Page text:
$20Bln Fails To Contain Rising Rates

The government's injection of $20 billion into the money markets to spur bank lending on Tuesday failed to contain soaring lending rates that may crimp economic growth.

The one-day MosPrime overnight rate, a gauge for monitoring demand, leapt 241 basis points to a record 10.83 percent, indicating that the sum pumped into the banking system had no impact. Banks borrowed 361 billion rubles ($14 billion) at the Central Bank's two daily repo auctions and a further 150 billion rubles in the Finance Ministry's weekly auction.

"More than $20 billion was injected into the market before lunchtime, but there is no sign of it," said Vladimir Osakovsky, an economist at UniCredit. "There's no shortage of money, but there is a crisis of trust."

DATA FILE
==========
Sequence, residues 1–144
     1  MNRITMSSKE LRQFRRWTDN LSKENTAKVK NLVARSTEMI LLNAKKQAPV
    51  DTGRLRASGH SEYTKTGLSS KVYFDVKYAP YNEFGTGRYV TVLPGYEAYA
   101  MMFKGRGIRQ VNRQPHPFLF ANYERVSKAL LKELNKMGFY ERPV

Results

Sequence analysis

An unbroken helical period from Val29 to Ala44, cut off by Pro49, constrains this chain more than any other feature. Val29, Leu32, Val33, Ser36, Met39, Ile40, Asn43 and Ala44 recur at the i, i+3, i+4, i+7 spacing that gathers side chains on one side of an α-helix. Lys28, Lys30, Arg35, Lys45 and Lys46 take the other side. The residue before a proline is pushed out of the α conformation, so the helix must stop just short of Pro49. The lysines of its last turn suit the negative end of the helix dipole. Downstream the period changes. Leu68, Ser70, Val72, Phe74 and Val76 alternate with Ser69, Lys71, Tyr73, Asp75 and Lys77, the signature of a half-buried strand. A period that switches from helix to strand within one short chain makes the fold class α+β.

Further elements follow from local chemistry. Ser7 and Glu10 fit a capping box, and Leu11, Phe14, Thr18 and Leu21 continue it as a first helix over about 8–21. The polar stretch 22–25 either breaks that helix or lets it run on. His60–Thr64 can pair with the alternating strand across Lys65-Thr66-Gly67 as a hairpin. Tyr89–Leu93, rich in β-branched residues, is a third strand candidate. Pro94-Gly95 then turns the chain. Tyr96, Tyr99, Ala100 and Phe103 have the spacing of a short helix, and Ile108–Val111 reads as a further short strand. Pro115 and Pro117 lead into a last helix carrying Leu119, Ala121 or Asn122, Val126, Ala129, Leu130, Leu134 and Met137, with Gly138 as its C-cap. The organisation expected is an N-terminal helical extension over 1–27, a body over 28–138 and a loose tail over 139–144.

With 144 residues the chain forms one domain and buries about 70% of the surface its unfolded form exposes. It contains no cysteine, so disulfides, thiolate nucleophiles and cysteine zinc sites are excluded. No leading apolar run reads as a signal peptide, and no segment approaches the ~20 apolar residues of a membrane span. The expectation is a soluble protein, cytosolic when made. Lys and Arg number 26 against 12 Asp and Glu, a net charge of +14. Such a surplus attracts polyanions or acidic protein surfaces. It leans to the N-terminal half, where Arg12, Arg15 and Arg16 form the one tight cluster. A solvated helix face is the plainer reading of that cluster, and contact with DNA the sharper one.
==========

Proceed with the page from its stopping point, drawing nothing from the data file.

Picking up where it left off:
Tighter access to credit and stock market losses are making it more expensive for Russian companies to borrow and refinance existing debt, curtailing investment.

UniCredit may revise down its fourth-quarter economic growth forecast from 6.3 percent, Osakovsky said. No one will know for sure how badly the financial system will be affected until banks report quarterly earnings, he said.

Central Bank Deputy Chairman Konstantin Korishchenko said Tuesday that the country had the ability to cover all "conceivable" liquidity needs for the banking industry, RIA-Novosti reported, and could provide as much as 3 trillion rubles ($120 billion) to banks.